February 08, 2021
Two FBI Special Agents were shot and killed while performing their duty on February 2 as they attempted to serve a warrant for "crimes against children."
Those in the force are at constant risk for their lives, but the determination and courage to make the country better propels them to face the dangers head-on despite the risks involved, even if it means losing their lives.
The FBI was rocked with the news of the death of two of its Special Agents, Daniel Alfin and Laura Schwartzenberger, on Tuesday, February 2, 2021, after they were shot and killed.
A police patrol car with its flashing lights on. | Photo: Pixabay.
A team of FBI Agents arrived at an apartment complex in Sunrise, Florida, at about 6 am to serve a search warrant when the suspect opened fire, killing Alfin and Schwartzenberger while leaving three others injured.
Although the suspect has not been publicly identified, he turned the gun on himself and was pronounced dead at the scene. Speaking on this, FBI Director Christopher Wray issued a statement:
"Special Agent Alfin and Special Agent Schwartzenberger exemplified heroism today..."
Wray concluded his statement by saying that they would continue to stand by the FBI family and the families of the dearly departed in the days to come, ensuring that every resource is brought to help them get through this.
He drove back to where he had stolen the car and dropped off the little boy.
Alfin, who was 36-year-old, had been a special agent since 2009. He was formerly in charge of major cases at the FBI headquarters in Washington DC. The deceased was married with one child.
Schwartzenberger was 43 and had worked at the FBI field office since 2005. She also specialized in fighting crimes against children. Her husband and two children survive her.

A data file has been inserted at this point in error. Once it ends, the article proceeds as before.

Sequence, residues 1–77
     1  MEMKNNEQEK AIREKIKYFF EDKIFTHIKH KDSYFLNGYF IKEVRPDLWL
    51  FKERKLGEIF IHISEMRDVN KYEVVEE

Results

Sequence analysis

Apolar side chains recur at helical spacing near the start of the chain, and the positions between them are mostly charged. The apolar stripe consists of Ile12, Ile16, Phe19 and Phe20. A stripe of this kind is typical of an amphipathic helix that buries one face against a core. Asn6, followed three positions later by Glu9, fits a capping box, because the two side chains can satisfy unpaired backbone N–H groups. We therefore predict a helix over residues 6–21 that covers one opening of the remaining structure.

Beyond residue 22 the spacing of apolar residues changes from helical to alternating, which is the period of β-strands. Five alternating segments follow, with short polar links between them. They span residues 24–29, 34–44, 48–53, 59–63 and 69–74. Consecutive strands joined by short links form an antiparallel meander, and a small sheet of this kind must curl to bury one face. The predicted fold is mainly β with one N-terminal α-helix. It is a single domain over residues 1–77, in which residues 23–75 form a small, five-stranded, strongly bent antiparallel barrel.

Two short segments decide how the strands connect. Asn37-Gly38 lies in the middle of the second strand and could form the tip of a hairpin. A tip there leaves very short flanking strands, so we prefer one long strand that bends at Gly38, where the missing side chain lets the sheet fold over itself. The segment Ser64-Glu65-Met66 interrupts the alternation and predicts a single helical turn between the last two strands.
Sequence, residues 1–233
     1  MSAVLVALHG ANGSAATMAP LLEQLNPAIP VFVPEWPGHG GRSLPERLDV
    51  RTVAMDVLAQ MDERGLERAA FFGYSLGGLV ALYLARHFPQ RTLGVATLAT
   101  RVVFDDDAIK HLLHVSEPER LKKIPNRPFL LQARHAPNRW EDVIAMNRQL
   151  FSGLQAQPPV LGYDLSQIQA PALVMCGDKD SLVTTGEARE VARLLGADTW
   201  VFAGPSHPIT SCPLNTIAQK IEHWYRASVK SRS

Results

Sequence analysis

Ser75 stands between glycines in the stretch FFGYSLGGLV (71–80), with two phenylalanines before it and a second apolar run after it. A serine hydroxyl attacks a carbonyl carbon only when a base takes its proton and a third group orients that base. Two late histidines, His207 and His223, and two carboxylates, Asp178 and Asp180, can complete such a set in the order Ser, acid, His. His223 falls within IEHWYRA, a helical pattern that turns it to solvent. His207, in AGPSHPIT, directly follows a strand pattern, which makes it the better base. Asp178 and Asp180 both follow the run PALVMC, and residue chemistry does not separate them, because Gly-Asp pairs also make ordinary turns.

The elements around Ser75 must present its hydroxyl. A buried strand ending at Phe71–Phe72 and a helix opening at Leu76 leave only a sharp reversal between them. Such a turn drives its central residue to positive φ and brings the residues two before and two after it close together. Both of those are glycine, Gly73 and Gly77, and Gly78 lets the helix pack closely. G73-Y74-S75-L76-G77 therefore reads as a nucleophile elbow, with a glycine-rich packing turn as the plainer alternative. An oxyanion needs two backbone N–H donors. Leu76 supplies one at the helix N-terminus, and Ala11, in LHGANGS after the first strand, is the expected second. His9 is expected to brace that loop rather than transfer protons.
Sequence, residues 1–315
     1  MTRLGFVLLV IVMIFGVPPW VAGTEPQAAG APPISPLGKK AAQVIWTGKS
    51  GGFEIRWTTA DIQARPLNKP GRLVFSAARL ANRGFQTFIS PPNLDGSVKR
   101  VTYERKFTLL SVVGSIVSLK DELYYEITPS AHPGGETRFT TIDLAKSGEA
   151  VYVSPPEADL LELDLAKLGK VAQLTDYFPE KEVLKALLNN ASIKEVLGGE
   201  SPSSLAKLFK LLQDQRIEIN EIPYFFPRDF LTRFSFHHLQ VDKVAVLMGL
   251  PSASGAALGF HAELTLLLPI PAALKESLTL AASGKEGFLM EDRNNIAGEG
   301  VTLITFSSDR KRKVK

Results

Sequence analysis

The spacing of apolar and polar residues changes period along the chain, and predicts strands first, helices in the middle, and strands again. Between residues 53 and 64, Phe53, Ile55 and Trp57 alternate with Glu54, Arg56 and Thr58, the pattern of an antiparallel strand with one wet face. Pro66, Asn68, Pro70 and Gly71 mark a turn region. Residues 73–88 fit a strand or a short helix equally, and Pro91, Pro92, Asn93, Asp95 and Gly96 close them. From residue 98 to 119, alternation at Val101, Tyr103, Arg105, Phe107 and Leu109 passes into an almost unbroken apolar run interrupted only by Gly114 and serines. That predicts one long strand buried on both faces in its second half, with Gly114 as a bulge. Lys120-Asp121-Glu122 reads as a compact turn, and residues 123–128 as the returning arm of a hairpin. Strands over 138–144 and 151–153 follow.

Their death has rocked the entire FBI agency, with FBI Miami Special Agent in Charge, George Piro, saying that they were heroes and their legacy would never be forgotten.
Crime against children is a big offense that is punishable under the law, with those involved looking to spend years in jail if and when they are caught.
Amazingly, a car thief in Oregon proved that he might be a thief but not a child kidnapper in a recent occurrence. The thief had stolen a Honda Pilot car when he discovered a four-year-old in the back seat.
He drove back to where he had stolen the car and dropped off the little boy with his mother while scolding and lecturing her not ever to leave her son in the car again if she was not going to be with him.
Similarly, four kids who went missing for a couple of days were found unarmed after leaving their foster home. The kids were found safe and sound, with the police having to dismiss the abduction case, which they initially thought it was.
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